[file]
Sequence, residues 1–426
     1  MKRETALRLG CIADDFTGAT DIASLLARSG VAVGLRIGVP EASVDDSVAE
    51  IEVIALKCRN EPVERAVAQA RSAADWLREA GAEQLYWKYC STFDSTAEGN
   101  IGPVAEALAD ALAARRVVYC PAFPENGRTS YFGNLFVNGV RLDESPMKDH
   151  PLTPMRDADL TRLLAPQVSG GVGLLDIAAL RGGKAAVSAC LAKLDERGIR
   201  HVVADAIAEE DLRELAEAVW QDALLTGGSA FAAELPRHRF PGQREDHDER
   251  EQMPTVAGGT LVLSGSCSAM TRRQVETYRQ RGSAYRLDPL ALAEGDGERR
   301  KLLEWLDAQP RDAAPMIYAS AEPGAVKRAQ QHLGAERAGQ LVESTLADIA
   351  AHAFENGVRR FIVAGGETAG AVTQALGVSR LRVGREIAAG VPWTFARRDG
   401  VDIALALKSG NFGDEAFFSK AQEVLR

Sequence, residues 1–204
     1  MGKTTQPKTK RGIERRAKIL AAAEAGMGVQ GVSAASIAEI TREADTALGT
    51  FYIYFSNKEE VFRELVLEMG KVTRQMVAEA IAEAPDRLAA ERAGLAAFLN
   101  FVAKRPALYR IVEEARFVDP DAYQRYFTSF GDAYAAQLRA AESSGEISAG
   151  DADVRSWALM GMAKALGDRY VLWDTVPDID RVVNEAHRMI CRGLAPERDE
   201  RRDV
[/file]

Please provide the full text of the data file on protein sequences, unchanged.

Sequence, residues 1–426
     1  MKRETALRLG CIADDFTGAT DIASLLARSG VAVGLRIGVP EASVDDSVAE
    51  IEVIALKCRN EPVERAVAQA RSAADWLREA GAEQLYWKYC STFDSTAEGN
   101  IGPVAEALAD ALAARRVVYC PAFPENGRTS YFGNLFVNGV RLDESPMKDH
   151  PLTPMRDADL TRLLAPQVSG GVGLLDIAAL RGGKAAVSAC LAKLDERGIR
   201  HVVADAIAEE DLRELAEAVW QDALLTGGSA FAAELPRHRF PGQREDHDER
   251  EQMPTVAGGT LVLSGSCSAM TRRQVETYRQ RGSAYRLDPL ALAEGDGERR
   301  KLLEWLDAQP RDAAPMIYAS AEPGAVKRAQ QHLGAERAGQ LVESTLADIA
   351  AHAFENGVRR FIVAGGETAG AVTQALGVSR LRVGREIAAG VPWTFARRDG
   401  VDIALALKSG NFGDEAFFSK AQEVLR

Sequence, residues 1–204
     1  MGKTTQPKTK RGIERRAKIL AAAEAGMGVQ GVSAASIAEI TREADTALGT
    51  FYIYFSNKEE VFRELVLEMG KVTRQMVAEA IAEAPDRLAA ERAGLAAFLN
   101  FVAKRPALYR IVEEARFVDP DAYQRYFTSF GDAYAAQLRA AESSGEISAG
   151  DADVRSWALM GMAKALGDRY VLWDTVPDID RVVNEAHRMI CRGLAPERDE
   201  RRDV